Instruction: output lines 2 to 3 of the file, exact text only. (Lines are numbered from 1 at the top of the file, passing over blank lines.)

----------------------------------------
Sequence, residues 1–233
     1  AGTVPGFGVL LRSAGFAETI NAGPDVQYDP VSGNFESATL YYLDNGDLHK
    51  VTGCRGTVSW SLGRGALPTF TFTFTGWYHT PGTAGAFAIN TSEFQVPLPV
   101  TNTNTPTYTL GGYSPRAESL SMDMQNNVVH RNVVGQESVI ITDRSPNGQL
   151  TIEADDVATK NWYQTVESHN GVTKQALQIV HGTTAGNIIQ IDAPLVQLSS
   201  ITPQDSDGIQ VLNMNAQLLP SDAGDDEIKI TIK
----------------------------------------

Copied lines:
     1  AGTVPGFGVL LRSAGFAETI NAGPDVQYDP VSGNFESATL YYLDNGDLHK
    51  VTGCRGTVSW SLGRGALPTF TFTFTGWYHT PGTAGAFAIN TSEFQVPLPV